electricityThe good news is this week’s Wednesday WTF is being written. The bad news is it’s being written from a hotel room next to a strip club because home base has no electricity.

You think I’m kidding, but Monday when we couldn’t find any restaurants open, my sweet innocent child said from the backseat, “Oh look, Mom! There’s a buffet at that place. If they’re open we can go have lunch.”


So yeah, that was a whole thing.

Anyway, we spent Sunday night believing Oncor when it said we would have electricity by 5 p.m. Then 6 p.m. Then 9 p.m., then WTF PM ARE YOU DOING OUT THERE? And we were all trying to be very zen about it. We spent time outside. We filled up the wading pool. We ate popsicles.

But around midnight, with all of us sleeping in separate beds because all of us needed to starfish for maximum circulation, it became clear that Oncor knew as much as we did about the electrical grid of the Dallas Metropolitan Statistical Area. (more…)

12417 Quincy lane

By now you have probably heard that about 100 trees will be chopped down in North Dallas, trees that line the Dallas North Tollway on the eastern side from Forest Lane north for about a half mile to Harvest Hill Road. All sorts of varieties, too, pines, live oaks — good trees. For 30 years these trees have created a nice buffer between the Dallas North Tollway and the backyards of the folks who live on Quincy Lane in Melshire Estates.

So why are we doing this?

The trees are going to be cut down by Oncor to replace old transmission towers with spotless new towers, because we are sucking so much energy. There is an increased demand for power in this city — one of the many side-effects of our gleeful growth. (And you want Amazon?) Robert Wilonsky over at the Dallas Morning News heard about the Quincy Lane tree-ectomy from homeowners on that little street whose western edge backs right up to the Dallas North Tollway. The trees, writes Robert, are on Oncor’s property, since they own an easement behind the homes, abutting the Tollway. 

The trees have to go because they will make it too dangerous for the electrical upgrade work, which might involve helicopters. They are on Oncor’s property, and state law says Oncor can cut down any tree it wants if it interferes with utility equipment.

“That line isn’t just about the customers on Quincy that like the trees on Oncor right of way,” said Oncor spokesman Geoff Bailey, who also serves as CEO Allen Nye’s chief of staff, “but the hundreds of thousands of customers those lines serve.”

Bailey said, yes, this is all very “unfortunate” and “we understand the passion about trees.” But he said that verdant buffer must go to make way for construction equipment, including, likely, helicopters. They are dangerous, too, he said, as they begin growing toward the power lines. 

Still, it seems pretty drastic. This home at 12417 Quincy abuts the tollway and will likely lose some of the canopy in the backyard.


dallas rain

Dallas rain is causing major delays at homebuilding sites, like 5802 Anita St. in East Dallas, a JLD Custom Homes site. Photo: Joanna England

Thanks to nearly two months of non-stop rain, DFW homebuilders are experiencing major delays and expect months of playing catch-up even though it has stopped.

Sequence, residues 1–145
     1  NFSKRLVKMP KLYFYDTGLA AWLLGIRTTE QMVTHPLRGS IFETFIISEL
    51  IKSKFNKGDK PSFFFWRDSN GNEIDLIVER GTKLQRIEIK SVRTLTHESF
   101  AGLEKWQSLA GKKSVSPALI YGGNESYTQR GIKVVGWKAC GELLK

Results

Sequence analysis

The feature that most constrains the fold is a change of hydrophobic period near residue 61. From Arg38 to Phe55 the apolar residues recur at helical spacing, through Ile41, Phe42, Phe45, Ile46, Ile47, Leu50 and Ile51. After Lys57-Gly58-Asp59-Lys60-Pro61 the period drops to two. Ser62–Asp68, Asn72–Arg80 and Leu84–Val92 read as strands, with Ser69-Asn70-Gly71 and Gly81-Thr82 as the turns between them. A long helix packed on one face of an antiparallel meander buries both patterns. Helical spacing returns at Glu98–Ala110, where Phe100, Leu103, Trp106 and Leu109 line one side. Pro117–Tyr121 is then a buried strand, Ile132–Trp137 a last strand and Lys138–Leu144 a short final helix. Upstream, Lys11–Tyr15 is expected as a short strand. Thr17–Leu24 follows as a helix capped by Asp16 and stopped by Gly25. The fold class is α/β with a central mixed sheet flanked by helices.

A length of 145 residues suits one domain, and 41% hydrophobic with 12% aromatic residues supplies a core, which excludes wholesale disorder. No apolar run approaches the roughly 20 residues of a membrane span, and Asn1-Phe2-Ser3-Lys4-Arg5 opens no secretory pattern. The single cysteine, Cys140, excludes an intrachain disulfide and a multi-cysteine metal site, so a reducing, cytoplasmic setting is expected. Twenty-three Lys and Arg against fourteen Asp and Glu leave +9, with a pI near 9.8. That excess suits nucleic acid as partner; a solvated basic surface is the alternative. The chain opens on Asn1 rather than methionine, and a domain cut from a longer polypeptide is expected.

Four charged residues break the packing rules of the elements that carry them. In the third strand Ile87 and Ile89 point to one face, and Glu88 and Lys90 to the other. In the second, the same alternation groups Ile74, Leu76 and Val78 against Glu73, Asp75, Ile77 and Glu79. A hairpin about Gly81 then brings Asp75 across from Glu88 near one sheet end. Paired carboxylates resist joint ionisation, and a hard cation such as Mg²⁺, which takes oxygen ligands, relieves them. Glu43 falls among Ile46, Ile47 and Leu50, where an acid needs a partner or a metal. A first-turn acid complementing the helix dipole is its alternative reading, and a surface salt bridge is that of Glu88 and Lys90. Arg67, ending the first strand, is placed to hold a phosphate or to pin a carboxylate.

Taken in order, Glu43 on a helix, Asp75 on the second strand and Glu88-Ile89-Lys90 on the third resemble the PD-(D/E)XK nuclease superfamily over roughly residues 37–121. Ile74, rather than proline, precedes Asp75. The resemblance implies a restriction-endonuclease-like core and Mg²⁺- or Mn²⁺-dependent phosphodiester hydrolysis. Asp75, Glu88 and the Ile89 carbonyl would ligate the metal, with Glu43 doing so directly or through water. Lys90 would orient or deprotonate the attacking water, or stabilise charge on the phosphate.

Based on weather forecasts, that break might finally be here!

More than 26 inches of rain have fallen at DFW International Airport so far this year, including a record-setting 3.3 inches a week ago Sunday. This is now the wettest May on the books.

“The rain has been a killer on schedules—we currently have three homes under construction and have taken them as far as we can go in the inside, and are now at a dead standstill until we can finish the driveways and walkways on the exterior, not to mention fence, sprinklers, and landscaping,” said Michael Turner, owner of Classic Urban Homes. “We are telling potential new clients we are six-to-eight months out from being to take on any additional work.”

dallas rain

“I always keep a pair of old mud shoes in the truck, these days, I’ve got two pairs,” said JLD Custom Homes President Jeff Dworkin. Photo: Joanna England

Other custom builders are in the same boat. Jeff Dworkin points to his house at 5802 Anita St. in East Dallas, pictured above.

“We’ve finished the inside, but the yard is a mud pit!,” said Dworkin, who is President of JLD Custom Homes and Past President of the Dallas Builders Association. “We can’t get fence in, irrigation, or landscape. It’s hard to make it look pretty when your ‘drive-up’ is just dirt. We have also been trying to get another one started at 5731 Vickery Blvd.—got the permit a week ago, but we are just stuck in the mud for now.”

Homebuilders are able to get work done up to a certain point inside new houses, but the risk of tracking in mud onto new carpets or hardwoods means even that part of the process is delayed. And every part of completing the homes’ exterior is delayed. A Prosper developer tells me one of his largest volume builders is 90 days delayed, the longest delay in the history of the company.

“We can sell homes, design homes, and permit homes while it’s raining—we just can’t start them. We have five queued up and all in the holding pattern until the weather breaks,” Turner said. “No sense in selling a new home and then not being able to start for six months without telling clients upfront. For the most part, people are willing to wait, as builders are all in the same boat.”



We’ve been displaced from our home in Casa View Haven for going on four days now. Our little corner of East Dallas lost power around 4 a.m. on Friday, and while we thought we could tough it out that evening, we ended up doing a white-knuckle commute to Forney, where our in-laws live. A trip that usually takes no longer than a half-hour took about an hour and a half on Friday afternoon, considering the snail’s pace we drove to negotiate icy bridges and 18-wheelers stopped on the shoulders. We saw cars and trucks in ditches, some getting rescued by tow trucks and fire engines, and more than a few devil-may-care-type drives being humbled by the icy roads.